US ‘Lone Wolf’ Cyber Attacks: From Cyber Hegemony to Isolation

In recent years, the United States has become notorious for relying on its technological advantages and hegemonic position to carry out “lone wolf” cyber attacks on other countries, including its allies. However, as the differences between the interests of the U.S. and its allies in cyberspace become increasingly apparent and tensions with non-allied countries increasingly escalate, its cyber deterrence strategy has reached the end of the road.

Cyber Hegemony in the Name of an ‘Open Internet’

In April 2022, the U.S. launched what is known as the “Declaration for the Future of the Internet.” As we all know, the original intention of this declaration was not really to fight for the openness of the internet, but to fight for the United States in the name of “Internet openness,” and what it seeks is not in the interest of the internet but in the interest of the U.S. At the same time, the U.S. has been carrying out indiscriminate cyber attacks and stealing secrets on a global scale. It constantly fabricates various stories of “security reports” and hypes the issue of Chinese cyber espionage. It seems that the U.S. has put the idea of the pot calling the kettle black to good use.

In June 2022, the APT-C-40 (Equation) group supported by the U.S. National Security Agency launched an attack on Northwestern Polytechnical University and stole core technical data including vital network configurations as well as network management, operation and maintenance data. Forty-one kinds of special offensive network tools and equipment were used, with 14 different versions of the backdoor tool, “DoubleFantasy,” alone. In July 2023, the hacker group associated with the NSA used “Second Date” spyware to carry out a cyber attack on the Wuhan Earthquake Monitoring Center. A report released by Pangu Lab showed that the NSA-linked Equation Group had used top-tier backdoors to carry out “Operation Telescreen” for more than a decade in 45 countries and regions around the world, including the United Kingdom, Germany and the Netherlands. This far exceeded what was publicly reported by the United States.

Taking Advantage of Technological Resources To Blatantly Steal Data around the World

The U.S. has long used its technological advantage to carry out activities like hijacking network traffic, man-in-the-middle attacks and the insertion of malicious code by exploiting backdoor vulnerabilities and also monopolies on operating systems. They’ve carried out precision content filtering and automated hijacking of massive amounts of global data to achieve various goals such as the man-in-the-middle attacks, network traffic sniffing and network session tracking. Western media disclosed that the NSA remotely intercepted 97 billion emails and 124 billion phone records around the world in a 30-day period.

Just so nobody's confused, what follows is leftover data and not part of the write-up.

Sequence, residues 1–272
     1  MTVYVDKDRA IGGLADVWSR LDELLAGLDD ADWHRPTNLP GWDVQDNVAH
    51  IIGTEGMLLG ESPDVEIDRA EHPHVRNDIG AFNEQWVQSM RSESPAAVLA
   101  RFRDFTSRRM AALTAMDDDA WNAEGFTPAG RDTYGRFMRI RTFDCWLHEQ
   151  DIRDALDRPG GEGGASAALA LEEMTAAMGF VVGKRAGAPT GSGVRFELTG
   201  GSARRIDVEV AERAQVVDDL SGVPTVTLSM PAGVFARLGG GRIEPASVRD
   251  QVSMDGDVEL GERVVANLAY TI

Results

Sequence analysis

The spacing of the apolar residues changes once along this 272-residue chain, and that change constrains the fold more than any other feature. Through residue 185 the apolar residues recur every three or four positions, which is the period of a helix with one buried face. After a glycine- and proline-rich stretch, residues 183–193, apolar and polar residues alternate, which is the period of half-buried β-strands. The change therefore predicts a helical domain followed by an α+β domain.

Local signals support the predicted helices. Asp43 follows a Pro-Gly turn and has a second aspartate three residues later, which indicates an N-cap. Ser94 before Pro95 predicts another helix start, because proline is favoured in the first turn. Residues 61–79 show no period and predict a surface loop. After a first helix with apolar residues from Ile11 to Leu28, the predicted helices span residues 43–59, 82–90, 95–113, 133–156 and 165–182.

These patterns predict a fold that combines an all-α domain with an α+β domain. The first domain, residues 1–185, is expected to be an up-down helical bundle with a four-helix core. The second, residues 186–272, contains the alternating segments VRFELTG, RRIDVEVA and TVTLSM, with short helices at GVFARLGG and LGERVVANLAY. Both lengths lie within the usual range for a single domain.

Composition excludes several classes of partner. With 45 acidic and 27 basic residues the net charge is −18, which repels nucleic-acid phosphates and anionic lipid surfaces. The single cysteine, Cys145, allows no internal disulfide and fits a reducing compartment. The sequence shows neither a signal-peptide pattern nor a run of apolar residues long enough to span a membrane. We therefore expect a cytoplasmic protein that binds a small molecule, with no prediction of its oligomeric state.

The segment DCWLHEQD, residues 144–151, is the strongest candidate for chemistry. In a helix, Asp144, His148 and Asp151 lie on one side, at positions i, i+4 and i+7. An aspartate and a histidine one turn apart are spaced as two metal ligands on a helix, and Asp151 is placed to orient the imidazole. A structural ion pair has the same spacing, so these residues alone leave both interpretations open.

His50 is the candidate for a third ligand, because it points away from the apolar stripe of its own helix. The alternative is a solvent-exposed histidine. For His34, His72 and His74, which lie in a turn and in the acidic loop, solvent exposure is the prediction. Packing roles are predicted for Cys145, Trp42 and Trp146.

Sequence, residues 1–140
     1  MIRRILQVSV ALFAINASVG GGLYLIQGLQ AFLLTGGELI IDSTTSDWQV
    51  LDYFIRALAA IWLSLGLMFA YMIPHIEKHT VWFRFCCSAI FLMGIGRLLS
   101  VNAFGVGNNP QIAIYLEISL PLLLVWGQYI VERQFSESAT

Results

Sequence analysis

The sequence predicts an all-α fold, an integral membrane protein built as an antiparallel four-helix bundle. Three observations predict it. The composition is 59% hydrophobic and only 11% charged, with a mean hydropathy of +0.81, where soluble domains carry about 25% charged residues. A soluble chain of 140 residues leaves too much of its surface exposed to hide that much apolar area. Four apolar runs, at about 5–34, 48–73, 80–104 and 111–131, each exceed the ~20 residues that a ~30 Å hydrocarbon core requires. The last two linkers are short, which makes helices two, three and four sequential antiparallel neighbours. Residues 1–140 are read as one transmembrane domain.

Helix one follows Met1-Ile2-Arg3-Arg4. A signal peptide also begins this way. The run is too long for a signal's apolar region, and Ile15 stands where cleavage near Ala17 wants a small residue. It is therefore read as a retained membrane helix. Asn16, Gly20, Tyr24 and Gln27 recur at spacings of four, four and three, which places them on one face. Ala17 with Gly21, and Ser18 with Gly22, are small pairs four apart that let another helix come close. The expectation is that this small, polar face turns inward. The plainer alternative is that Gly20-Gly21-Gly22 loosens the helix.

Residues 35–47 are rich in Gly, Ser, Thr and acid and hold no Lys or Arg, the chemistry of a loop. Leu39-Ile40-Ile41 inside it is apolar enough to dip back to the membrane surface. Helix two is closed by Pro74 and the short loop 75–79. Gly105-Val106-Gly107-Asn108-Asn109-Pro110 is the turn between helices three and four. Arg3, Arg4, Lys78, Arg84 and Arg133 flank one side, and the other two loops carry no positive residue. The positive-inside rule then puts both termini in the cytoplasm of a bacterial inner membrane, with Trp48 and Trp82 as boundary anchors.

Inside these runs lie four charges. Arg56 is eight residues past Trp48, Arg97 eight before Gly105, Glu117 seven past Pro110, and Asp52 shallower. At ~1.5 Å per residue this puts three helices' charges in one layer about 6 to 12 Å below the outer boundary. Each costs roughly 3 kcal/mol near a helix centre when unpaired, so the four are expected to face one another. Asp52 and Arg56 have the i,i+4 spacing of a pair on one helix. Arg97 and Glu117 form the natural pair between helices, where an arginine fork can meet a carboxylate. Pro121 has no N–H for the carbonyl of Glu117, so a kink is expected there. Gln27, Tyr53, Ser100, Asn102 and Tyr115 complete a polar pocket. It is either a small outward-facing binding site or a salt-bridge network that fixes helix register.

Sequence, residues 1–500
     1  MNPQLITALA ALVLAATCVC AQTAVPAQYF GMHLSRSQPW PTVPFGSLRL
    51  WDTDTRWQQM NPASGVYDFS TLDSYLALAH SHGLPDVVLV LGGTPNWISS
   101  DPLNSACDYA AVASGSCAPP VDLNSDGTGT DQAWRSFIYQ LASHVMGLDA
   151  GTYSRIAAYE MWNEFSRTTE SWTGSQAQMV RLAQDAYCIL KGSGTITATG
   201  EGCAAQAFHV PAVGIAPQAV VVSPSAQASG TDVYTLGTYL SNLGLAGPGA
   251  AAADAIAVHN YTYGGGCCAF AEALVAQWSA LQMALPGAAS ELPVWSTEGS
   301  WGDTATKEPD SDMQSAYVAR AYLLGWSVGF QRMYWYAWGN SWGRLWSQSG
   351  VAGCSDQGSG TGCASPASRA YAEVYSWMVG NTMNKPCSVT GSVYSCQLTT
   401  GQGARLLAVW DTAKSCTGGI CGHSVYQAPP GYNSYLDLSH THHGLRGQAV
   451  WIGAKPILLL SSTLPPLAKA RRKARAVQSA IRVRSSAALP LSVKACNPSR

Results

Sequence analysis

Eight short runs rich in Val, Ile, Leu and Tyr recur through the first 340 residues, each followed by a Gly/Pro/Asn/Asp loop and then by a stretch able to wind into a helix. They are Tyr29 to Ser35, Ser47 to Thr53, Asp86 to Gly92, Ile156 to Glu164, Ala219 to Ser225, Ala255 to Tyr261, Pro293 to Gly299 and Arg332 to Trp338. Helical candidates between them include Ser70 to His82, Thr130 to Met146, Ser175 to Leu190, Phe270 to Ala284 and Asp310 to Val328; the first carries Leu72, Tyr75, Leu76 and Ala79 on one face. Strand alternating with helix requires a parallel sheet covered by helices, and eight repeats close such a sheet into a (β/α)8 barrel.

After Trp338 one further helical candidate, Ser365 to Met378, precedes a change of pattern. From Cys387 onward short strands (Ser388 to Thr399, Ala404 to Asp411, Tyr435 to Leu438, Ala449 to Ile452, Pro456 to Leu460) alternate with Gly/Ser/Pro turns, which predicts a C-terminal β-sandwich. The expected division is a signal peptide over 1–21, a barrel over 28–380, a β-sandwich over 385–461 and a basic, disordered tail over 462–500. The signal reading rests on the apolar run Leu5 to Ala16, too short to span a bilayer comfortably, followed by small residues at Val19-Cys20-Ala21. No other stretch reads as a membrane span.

This included 500 million interceptions from Germany, 70 million from France and 60 million from Spain. It monitored the leaders of 35 countries, keeping former German Chancellor Angela Merkel under surveillance for 11 years. In June 2023, foreign security vendors disclosed that the NSA had used multiple zero-day vulnerabilities to target mobile devices around the world that run on Apple’s iOS operating system. It used zero-click vulnerabilities to infect via the iMessage platform and gain complete control over devices and user data through multiple exploits.

Joint progress and collaboration are inevitable trends of the age; thus, cyber dominance represents a serious departure, a threat to the common well-being of people around the world. The U.S. cyber-deterrence strategy goes against modern social development. Countries around the world should seek greater and deeper cooperation, strive for the greatest common denominator of mutually beneficial, win-win cooperation in cyberspace and promote reform and improvement of the international rules and governance mechanisms of cyberspace by building a community with a shared future in cyberspace, to better meet the common interests of nations.

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